Additionally, crestfallen isn’t the type of word that would be uttered on television, even if the show was some period piece. Downtown Abbey, I could totally see it. Others? The Big Bang Theory. Maybe. Law & Order and its many offspring? Not possible. Could you see it used in one of the Marvel MCU movies? Highly unlikely.
Then again, who actually talks like that?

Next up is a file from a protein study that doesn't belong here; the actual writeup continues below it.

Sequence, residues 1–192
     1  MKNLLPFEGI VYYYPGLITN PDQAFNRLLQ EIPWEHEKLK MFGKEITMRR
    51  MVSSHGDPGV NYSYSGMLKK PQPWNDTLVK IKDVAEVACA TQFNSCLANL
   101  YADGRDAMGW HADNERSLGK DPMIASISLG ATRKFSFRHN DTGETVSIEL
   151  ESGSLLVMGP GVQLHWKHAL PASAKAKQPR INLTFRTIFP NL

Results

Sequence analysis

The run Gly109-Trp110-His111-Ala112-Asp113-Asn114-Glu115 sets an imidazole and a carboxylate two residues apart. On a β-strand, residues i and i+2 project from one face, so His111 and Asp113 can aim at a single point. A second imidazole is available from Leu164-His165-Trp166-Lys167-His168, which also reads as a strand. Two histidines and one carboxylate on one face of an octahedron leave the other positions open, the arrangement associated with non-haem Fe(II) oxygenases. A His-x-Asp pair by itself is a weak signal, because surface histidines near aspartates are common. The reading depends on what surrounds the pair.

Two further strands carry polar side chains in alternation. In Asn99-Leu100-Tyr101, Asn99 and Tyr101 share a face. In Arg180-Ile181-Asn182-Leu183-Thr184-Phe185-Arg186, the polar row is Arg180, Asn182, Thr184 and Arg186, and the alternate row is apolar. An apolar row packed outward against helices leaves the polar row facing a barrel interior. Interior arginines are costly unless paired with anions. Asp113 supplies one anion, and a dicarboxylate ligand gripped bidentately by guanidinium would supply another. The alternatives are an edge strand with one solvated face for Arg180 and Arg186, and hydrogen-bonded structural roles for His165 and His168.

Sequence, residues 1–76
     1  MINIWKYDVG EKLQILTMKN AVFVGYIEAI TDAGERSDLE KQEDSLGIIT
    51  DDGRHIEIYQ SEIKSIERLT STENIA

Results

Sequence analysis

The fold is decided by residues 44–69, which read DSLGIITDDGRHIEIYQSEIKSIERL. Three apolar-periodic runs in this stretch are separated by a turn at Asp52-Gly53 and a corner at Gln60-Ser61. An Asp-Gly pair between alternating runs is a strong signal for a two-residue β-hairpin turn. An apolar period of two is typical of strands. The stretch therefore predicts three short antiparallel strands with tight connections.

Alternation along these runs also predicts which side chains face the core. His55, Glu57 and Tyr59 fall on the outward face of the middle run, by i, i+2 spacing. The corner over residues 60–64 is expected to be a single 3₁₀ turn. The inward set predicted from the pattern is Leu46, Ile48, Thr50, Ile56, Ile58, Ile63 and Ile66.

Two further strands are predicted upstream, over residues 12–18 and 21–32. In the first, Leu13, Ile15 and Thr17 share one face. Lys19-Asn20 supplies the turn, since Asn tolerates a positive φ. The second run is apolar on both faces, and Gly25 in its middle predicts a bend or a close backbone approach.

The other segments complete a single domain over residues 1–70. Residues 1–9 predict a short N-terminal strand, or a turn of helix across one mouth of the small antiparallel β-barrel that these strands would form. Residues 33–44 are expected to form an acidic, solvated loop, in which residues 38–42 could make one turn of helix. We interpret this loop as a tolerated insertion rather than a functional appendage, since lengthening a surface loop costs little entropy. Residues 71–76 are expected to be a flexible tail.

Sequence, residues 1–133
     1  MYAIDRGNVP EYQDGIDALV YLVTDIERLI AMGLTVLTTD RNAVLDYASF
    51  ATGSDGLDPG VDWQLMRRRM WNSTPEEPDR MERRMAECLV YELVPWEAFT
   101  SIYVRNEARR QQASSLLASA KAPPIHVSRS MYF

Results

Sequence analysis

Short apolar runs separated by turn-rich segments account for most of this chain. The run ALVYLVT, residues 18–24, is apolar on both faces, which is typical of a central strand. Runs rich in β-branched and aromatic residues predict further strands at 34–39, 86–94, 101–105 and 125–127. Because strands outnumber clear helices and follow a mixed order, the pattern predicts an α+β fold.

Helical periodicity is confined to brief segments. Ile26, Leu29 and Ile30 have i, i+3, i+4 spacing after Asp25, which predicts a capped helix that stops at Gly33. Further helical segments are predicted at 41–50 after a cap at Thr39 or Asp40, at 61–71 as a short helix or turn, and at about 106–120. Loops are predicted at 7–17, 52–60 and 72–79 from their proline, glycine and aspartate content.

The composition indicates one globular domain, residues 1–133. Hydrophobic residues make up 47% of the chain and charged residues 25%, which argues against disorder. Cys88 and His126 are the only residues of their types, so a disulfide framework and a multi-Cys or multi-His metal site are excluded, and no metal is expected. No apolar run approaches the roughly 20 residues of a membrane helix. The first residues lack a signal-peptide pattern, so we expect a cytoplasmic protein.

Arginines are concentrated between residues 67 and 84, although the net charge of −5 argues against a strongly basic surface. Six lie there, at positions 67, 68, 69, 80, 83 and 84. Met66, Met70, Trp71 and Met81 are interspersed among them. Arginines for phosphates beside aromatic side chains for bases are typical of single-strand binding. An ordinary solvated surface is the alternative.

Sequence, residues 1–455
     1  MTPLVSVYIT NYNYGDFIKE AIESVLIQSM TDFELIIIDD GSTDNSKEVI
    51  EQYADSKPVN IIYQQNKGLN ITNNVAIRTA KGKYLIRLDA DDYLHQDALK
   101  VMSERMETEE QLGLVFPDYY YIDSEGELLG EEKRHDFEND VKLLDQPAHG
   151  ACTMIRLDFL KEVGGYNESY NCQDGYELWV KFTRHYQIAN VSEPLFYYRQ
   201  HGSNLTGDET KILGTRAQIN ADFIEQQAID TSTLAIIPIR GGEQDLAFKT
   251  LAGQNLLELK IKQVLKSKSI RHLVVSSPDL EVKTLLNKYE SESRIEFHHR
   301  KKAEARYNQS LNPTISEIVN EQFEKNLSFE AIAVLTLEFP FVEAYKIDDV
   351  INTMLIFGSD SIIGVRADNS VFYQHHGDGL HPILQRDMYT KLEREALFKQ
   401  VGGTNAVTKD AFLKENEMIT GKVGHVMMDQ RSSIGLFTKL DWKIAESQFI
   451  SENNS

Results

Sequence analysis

I actually tried to find opportunities to use it in conversation. Once, with a co-worker as we talked about another co-worker who had just broken up with her boyfriend, I dared use the word. The woman we spoke about was a zombie at work. She would stand at the fax machine (this is more of indication of how old the story is and not how archaic the company was) and just stare at it until the humming and whirring ended and it rewarded her patience by printing out her confirmation page. She would then just march back to her desk without looking at anyone. Once, someone caught her crying in the conference room. So I said to my co-worker as we were literally standing next to the water cooler (yes we were really by the water cooler), “Yeah, she’s really crestfallen since being dumped” to which my co-worker flashed me a look that went from inspection to analysis to judgement. I felt like she was either thinking, “what the hell is crestfallen?” or “You arrogant asshole”. My paranoia pulled me to the latter rather than the former.